As Barack Obama is sworn in as the first black president of the United States, Europeans wonder when -- no make that if -- they will ever see their own "Obama" in Europe.
Could a second-generation immigrant with roots in the black Third World be elected prime minister or president in Europe?
My American friends find it difficult to imagine an immigrant overcoming Europe's white-dominated, slow and elitist political systems anytime soon.
"Does anyone really think that Britain would chose a second-generation Pakistani as its leader?" Yale professor and intellectual heavyweight Harold Bloom said.
"Would Germany choose a child of Turkish immigrants? Or France someone whose parents emigrated from Algeria?"
But European friends and intellectuals also seem more optimistic, even if most statistics say otherwise.
Raj, a teacher of postcolonial literature whose Indian parents moved to Great Britain in the 1960s, said he could envision a European Obama in the next 10 years. Particularly in Britain, which had a Jewish prime minister in the 19th century, and is perhaps seen as one of the better-integrated European countries.
"Why not? There is a whole new generation who've come on the scene," Raj, who did not want to give his last name, said, referring to politicians such as black MP David Lammy and Asian MP Sadiq Khan. Britain has 15 non-white MPs in the 646-member House of Commons.
"They laid the foundation. Now there is only one needed to crack that last glass ceiling. After all, if they could pick a Scotsman as PM," he said, referring to British Prime Minister Gordon Brown, "an Asian shouldn't be so hard," he said, making a tongue-in-cheek reference to the age-old rivalry between the English and the Scots.
British journalist and intellectual Timothy Garton Ash is another who believes an ethnic minority leader in Britain, whose ethnic minorities constitute 8 percent of the population, is "entirely possible."
The country is already halfway to the American kind of civic idea of national identity in which everyone can be an American in ethnic terms, he told The Economist. "In other European countries, like Germany, it is much more difficult. A Turkish German Bundeskanzler is still a stretch," he said.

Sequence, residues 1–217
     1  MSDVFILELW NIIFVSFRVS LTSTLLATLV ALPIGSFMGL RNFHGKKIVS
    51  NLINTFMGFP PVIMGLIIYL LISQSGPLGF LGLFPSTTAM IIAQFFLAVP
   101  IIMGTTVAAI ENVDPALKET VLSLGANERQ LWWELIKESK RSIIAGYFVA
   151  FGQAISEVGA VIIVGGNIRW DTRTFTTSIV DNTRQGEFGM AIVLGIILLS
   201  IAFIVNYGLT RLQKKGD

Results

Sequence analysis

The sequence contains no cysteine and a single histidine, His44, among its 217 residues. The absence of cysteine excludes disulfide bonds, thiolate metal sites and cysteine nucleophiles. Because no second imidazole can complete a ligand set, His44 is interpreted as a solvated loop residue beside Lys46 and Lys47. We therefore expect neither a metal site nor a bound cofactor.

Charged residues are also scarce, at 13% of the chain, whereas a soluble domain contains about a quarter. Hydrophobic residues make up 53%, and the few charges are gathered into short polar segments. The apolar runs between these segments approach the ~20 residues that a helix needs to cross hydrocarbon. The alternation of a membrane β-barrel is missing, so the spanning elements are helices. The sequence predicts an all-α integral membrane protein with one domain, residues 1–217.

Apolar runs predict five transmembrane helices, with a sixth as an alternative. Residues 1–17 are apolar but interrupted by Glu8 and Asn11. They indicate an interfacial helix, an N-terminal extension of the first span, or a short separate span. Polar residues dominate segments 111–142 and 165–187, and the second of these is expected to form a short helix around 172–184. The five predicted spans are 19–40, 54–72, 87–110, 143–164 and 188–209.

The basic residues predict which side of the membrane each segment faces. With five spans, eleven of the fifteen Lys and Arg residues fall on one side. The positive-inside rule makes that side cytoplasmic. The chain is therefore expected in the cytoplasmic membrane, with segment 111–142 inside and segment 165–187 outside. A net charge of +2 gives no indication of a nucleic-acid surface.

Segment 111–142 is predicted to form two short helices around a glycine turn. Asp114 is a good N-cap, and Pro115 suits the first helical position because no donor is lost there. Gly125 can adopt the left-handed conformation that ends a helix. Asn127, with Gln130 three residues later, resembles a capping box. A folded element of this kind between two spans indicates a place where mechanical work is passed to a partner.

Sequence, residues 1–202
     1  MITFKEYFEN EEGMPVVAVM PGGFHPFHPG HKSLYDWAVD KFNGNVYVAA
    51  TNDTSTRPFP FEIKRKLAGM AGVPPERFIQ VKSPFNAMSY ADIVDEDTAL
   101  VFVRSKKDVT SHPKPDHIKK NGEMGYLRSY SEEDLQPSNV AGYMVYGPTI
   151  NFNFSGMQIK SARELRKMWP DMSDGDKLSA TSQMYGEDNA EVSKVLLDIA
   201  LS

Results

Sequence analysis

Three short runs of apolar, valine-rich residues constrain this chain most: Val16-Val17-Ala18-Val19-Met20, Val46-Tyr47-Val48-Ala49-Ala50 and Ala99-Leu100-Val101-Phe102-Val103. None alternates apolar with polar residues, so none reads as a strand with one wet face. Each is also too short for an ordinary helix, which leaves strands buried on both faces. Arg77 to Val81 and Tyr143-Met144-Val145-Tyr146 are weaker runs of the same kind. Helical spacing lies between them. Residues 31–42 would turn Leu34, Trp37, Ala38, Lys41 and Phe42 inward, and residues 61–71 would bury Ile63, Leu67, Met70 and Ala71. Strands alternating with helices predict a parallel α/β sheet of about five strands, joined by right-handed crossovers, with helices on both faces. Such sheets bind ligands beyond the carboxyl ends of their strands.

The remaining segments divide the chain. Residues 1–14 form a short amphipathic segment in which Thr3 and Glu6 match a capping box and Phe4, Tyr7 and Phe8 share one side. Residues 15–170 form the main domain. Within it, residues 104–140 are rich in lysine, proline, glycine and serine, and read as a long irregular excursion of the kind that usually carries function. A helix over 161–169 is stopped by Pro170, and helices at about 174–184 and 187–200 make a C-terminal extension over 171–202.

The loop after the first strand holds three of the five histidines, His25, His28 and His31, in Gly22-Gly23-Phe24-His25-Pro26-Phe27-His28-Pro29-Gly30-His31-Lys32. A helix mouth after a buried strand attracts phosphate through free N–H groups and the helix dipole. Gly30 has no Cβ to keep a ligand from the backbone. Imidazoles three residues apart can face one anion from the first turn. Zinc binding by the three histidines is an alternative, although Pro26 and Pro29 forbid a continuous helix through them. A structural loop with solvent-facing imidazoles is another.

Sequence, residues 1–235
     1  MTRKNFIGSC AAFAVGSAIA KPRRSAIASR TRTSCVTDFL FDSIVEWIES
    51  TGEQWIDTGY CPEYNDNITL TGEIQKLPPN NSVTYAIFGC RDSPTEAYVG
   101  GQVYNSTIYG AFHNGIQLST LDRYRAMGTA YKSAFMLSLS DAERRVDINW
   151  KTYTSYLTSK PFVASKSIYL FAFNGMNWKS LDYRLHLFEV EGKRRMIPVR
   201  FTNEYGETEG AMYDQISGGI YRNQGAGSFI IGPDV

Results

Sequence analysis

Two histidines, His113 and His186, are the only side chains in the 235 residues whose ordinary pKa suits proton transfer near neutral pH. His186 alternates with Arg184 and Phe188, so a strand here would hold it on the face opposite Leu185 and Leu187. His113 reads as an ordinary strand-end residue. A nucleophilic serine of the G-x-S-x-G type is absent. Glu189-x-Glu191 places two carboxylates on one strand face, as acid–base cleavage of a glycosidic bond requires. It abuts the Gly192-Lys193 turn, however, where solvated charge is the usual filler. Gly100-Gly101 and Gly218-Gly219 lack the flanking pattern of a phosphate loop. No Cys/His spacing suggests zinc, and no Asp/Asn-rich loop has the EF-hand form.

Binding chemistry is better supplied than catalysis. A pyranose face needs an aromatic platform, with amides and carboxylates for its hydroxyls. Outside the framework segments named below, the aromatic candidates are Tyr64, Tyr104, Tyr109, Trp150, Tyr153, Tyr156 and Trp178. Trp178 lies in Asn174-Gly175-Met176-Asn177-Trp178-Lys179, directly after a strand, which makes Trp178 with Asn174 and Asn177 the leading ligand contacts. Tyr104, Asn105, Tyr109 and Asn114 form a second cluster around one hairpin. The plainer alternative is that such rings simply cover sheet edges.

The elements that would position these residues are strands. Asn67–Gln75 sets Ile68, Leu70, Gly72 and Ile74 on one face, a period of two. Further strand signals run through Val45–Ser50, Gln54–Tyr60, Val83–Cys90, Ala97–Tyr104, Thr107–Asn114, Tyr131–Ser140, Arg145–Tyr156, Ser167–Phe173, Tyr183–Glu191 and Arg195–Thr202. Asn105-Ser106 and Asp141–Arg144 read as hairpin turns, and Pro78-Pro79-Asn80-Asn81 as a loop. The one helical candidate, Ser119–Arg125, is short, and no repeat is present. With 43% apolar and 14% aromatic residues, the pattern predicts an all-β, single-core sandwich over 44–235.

It was only last year that a German political party for the first time elected a leader with an immigrant background, when Cem Ozdemir, the son of Turkish guest workers, became leader of the Green Party.
But a more telling statistic for the state of racism in Germany is that the 2.9 million people of Turkish background (out of a total German population of 82 million) have just five members among parliament's 613 seats.
In France, Senegal-born state secretary for human rights Rama Yade pulled no punches when she was appointed, describing herself as "a painful exception" in the French government despite President Nicholas Sarkozy choosing three black or Muslim women for his government.
His move was an attempt to answer complaints by the country's immigrants, many of North African descent, who have difficulties reaching the middle and top layers of society, and an anger that erupted in deadly riots in 2005 when the country's marginalized suburbs boiled over with frustration over high unemployment, discrimination and police brutality.
Italy, whose Prime Minister Silvio Berlusconi ran into trouble when he recently joked about Obama's skin color, is barely off the launching pad in bringing immigrants into politics.